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By Maya Haziza

The bustle of millions of people running around the city and preparing for the new year is a unique time in Hong Kong. People swarm the streets buying orchids, fruits, and gifts for their friends and family and never miss taking their children out to the carnivals in the city. As I walk down my block towards my apartment I can smell the pungent scent of Chinese cooking fill the air as I step on wet streets that have been sprayed with water during the preparation of orchids to be sold.

I put my hands together and shake them as I approach a Chinese couple and say “Gong Hei Fat Choy,” which means “Congratulations and may you be prosperous.” If the couple has truly connected with you they will often times give you a little money in a red envelope as a way of reciprocating the wish for prosperity. My friends and I roam the streets in Victoria Park, where there is a carnival for the new year, trying different Chinese deserts and buying the little knick knacks for sale.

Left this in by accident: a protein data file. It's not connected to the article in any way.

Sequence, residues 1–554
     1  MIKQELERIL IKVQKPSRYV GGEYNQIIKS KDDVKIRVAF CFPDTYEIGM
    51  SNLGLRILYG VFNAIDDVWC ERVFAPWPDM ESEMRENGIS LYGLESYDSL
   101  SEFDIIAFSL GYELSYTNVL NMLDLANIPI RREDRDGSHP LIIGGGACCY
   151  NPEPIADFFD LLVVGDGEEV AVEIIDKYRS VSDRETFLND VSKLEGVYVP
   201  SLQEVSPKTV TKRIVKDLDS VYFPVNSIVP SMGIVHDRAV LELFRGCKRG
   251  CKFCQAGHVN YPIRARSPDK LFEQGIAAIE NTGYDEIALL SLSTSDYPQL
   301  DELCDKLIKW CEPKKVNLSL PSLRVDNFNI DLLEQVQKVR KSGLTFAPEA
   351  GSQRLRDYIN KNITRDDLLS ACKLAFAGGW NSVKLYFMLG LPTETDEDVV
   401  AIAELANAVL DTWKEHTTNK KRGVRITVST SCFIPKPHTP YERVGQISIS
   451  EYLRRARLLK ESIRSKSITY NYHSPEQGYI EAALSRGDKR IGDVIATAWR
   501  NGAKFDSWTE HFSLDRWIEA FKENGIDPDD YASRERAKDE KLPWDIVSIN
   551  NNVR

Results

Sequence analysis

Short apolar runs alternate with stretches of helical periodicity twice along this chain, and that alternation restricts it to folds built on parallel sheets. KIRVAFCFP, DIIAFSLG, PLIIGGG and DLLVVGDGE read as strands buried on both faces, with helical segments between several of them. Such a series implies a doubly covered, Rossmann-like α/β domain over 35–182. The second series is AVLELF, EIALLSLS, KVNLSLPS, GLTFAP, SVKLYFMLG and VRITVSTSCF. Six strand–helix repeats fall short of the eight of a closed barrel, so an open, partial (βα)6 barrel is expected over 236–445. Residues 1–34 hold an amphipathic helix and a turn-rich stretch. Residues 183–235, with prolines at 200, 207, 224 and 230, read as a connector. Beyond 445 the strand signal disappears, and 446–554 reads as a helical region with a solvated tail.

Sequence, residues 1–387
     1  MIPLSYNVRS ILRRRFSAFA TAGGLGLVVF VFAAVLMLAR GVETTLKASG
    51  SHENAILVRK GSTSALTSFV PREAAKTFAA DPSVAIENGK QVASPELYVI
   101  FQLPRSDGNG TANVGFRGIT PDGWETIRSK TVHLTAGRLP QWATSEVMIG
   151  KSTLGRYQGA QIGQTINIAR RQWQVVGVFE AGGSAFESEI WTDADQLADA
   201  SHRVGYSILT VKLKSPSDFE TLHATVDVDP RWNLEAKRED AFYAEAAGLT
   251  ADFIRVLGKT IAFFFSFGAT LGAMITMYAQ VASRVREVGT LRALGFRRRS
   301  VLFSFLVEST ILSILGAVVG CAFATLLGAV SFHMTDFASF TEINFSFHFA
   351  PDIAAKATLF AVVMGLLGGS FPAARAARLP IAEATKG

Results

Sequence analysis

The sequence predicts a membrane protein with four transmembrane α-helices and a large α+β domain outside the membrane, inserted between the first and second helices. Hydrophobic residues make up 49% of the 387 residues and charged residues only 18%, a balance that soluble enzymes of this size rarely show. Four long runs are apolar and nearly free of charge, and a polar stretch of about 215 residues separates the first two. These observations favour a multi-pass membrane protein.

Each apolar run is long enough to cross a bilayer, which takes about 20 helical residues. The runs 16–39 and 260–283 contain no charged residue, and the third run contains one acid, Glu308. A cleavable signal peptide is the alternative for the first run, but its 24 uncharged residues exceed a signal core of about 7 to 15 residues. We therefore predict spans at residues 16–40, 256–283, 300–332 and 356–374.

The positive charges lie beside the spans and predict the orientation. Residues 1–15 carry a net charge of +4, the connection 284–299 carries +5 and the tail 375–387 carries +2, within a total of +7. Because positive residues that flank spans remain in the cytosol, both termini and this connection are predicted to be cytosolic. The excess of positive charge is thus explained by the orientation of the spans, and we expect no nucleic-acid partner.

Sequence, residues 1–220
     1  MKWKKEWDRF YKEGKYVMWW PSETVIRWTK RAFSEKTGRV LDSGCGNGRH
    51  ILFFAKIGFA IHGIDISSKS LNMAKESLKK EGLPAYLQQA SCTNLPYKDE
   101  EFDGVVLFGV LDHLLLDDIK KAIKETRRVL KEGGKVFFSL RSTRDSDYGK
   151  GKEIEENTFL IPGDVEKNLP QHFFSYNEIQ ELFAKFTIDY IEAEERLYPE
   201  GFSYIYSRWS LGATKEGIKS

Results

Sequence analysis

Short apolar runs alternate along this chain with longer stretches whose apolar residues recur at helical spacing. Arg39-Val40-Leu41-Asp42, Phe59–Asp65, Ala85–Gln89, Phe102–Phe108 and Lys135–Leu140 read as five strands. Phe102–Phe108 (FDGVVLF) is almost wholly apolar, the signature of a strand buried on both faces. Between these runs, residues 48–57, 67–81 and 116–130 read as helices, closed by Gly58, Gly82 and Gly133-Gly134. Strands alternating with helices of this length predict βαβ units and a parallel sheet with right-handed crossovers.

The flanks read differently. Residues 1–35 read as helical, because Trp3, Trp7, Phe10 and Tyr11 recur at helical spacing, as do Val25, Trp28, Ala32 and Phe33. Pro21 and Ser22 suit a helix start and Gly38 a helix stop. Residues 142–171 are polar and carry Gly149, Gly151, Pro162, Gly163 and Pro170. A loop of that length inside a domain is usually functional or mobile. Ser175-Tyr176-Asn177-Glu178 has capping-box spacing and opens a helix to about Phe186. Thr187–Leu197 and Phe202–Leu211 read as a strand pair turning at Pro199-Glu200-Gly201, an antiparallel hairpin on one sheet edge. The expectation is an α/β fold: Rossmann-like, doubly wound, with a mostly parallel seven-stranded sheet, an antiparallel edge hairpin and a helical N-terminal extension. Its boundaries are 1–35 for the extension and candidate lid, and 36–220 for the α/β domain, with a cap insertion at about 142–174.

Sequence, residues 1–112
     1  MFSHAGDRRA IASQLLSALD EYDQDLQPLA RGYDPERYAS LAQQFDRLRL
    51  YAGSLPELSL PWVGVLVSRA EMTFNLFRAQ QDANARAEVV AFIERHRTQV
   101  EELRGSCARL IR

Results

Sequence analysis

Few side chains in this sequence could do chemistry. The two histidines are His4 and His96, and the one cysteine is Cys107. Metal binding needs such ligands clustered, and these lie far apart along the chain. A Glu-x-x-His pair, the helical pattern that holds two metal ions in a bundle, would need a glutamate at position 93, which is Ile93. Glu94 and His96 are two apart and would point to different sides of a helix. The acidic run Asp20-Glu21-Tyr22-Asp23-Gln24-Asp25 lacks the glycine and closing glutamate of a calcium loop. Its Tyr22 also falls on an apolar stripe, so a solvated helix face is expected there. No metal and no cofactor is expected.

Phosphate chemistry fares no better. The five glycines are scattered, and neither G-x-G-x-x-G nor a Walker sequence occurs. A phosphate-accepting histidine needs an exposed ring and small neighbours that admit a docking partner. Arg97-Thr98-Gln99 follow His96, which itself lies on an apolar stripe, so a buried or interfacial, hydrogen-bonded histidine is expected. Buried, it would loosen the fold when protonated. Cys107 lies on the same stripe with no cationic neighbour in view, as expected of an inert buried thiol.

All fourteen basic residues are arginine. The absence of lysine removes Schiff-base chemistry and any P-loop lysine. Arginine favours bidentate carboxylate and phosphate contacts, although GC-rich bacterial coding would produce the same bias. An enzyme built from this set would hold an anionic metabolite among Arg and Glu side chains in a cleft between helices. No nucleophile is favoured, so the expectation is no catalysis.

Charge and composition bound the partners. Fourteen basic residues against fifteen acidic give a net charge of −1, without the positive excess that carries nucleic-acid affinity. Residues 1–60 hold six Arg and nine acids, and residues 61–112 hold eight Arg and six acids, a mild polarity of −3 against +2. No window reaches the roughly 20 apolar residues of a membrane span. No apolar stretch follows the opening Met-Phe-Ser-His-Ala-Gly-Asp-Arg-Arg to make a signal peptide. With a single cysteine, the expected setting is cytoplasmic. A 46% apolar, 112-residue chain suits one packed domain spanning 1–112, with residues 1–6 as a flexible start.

The reason I find this time of year so special in China is because it is the most exciting and joyful holiday in Chinese culture. Every family spends weeks preparing for the new year celebration or planning their travels to mainland China from Hong Kong and visiting their families and friends. The metro is packed with people pushing their way out of the exits to make it to see the new year parade in Tsim Sha Tsui. Then finally on the day of the new year, Friday - it all stops and there is silence throughout the streets. All the stores and malls are empty and everyone is with their loved ones welcoming in the new year together.